The Benefits of Going Broke

(When you’re broke and you’re trying to make your own lotions and salves a little mold in your home grown stash of calendula is a depressing discovery)

I don’t like being broke.  If I had a million dollars I wouldn’t feel bad about it.  I don’t hate money.  I don’t think being poor is necessarily more virtuous than being rich.  Bad ethics abound in both economic groups.  On the other hand, it is not my life’s ambition to be rich.  While I certainly wouldn’t mind having such security I don’t need to be rich to have a good life.

But being broke sucks.  This past month we have had to catch up on bills and it has been staggeringly difficult.  We almost had our power turned off, we almost had our internet turned off, we almost had our trash cans toted away, we couldn’t afford to buy half the groceries we’re used to buying.  And we weren’t living extravagantly before this either, so don’t be thinking “Boo hoo, so you can’t buy any brie cheese and caviar, so sad for you and your richie-pants life.”  Naw, we were already living modestly.  We have simply reached a new level of broke.

So you’d think this was a super depressing month.  Oddly enough, it wasn’t.  It was humiliating standing outside in my pyjamas begging the power guy not to cut off our power for five days, but the humiliating bits aside, I have felt oddly refreshed.  I have had to become more resourceful and creative.  I am having to become better at household management.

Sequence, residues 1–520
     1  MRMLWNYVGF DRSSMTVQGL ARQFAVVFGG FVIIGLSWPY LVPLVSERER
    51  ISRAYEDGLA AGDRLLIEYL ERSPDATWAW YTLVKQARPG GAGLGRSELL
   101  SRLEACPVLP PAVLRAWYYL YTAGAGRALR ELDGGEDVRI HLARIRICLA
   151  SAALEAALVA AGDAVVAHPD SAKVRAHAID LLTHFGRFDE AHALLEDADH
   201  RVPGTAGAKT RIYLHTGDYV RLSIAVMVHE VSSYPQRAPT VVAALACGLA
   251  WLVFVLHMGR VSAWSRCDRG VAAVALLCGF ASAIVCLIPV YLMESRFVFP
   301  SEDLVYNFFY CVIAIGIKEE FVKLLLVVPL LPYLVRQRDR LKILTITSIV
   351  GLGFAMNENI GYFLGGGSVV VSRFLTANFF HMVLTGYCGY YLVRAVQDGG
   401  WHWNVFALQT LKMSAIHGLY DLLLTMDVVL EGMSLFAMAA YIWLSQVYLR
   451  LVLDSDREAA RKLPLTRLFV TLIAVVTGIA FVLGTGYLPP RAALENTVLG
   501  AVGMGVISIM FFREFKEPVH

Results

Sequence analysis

The Benefits of Going Broke:

  • Better Pantry Management.  I have had to pay much closer attention to what I already have in my pantry and to rely on its contents a lot more.  This is great because in years past I’ve had too much left over in my freezer.  We should be eating everything I freeze within a year.  This summer we packed it full of good stuff but still had lots from the previous year.  I am now using up older stock and am checking the canned goods and the freezer before going to the grocery store.
  • Learning new skills.  I couldn’t afford to buy the expensive Eco laundry detergent we usually use.  I mean, I could afford to buy the really cheap heavily perfumed crap but I refuse to go toxic just because I’m broke.  So I made my own detergent.  It’s easy, it’s super cheap, and it’s natural if the bar soap you use is natural.  I’ve thought about trying this for a long time but as long as I could afford to buy good stuff I lacked the motivation.  So far the home made stuff is working really well.  I did accidentally use a perfumed soap (I was tricked by packaging that hid the heavy synthetic perfume – the ingredients were otherwise completely natural) so next time I’ll be looking for a different soap for it, but the point is that it costs so little to make your own detergent and it takes practically no time at all.